All states and territories except Tasmania require construction companies to have insurance for faulty or incomplete work due to insolvency.

The construction contract lists all the insurance information you need, including the policy number, to make a claim.

In some states this will be done through a legal authority while others will require you to contact the insurance companies directly.

Here are the best contacts for each part of Australia:

Your national authority will also need copies of your builder’s invoices, receipts or bank statements as proof of payment, as well as a list of any incomplete works you are claiming.

An overhead view of two wooden house frames.  Piles of red bricks are scattered around.
Insurance is a mandatory part of construction contracts in Australia.(ABC News: Luke Bowden)

If you cannot find the insurer’s contact information or it appears that your builder does not have insurance, you should always contact your state authorities for assistance.

The authority will assess your claim and send a construction consultant to visit your property and inspect the necessary work.

You may be asked to obtain quotes from a new builder of your choice, or the authority may do this on your behalf and then decide what they will pay to complete the work.

If the insurance route doesn’t work, a court may be the next step

Justice Connect chief executive Chris Povey said if you disagree with the authority or insurer’s assessments, the next step is to go to court.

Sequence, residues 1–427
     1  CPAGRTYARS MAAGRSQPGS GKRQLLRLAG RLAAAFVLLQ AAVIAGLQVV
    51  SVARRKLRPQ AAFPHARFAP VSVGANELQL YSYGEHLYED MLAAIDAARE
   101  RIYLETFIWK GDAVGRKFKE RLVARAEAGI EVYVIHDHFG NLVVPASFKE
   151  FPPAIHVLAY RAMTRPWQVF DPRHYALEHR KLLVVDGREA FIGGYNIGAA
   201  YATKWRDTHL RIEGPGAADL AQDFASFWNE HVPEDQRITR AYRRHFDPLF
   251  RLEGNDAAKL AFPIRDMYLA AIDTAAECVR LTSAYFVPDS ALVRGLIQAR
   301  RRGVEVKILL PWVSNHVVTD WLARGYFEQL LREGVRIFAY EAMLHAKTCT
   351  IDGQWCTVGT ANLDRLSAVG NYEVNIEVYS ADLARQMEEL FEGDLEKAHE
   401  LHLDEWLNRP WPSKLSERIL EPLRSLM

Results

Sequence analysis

“It’s just more stress and anxiety,” he said.

“I mean, you’re dealing with people’s biggest investment.”

Chris wears a navy suit jacket and white shirt and smiles as he sits in a leafy green office.
Chris Povey of Justice Connect says it’s important to act quickly when a construction company is collapsing.(Provided)

Getting to court can be time consuming and very expensive.

Groups like Justice Connect offer help for what they call “the missing middle” – those who cannot afford a lawyer but earn too much to qualify for pro bono representation or juridical help.

“Legal aid is out of reach for most Australians, so it’s really not ideal for people to end up in court,” Mr Povey said.

“We are in the midst of a housing crisis.

“The law needs to be as accessible as possible. It’s good that there is insurance coverage, but you still need people to be supported through the process.”

Brown bricks sitting on scaffolding.  Temporary fences are visible in the background.
Some Australian construction companies have closed in recent years.(ABC News: Luke Bowden)

So after all this, who will finish my house?

Mr Povey says he is worried about how people will find a new builder during the shortage of labor and building materials.

“In reality, what is the probability that they have someone to pick up a half-done job?” he asked.

“And what will it cost?

“I don’t like the chances of people changing horses mid-term and we’re going to have to think deeply about that in the weeks and months to come as more and more builders come under pressure.”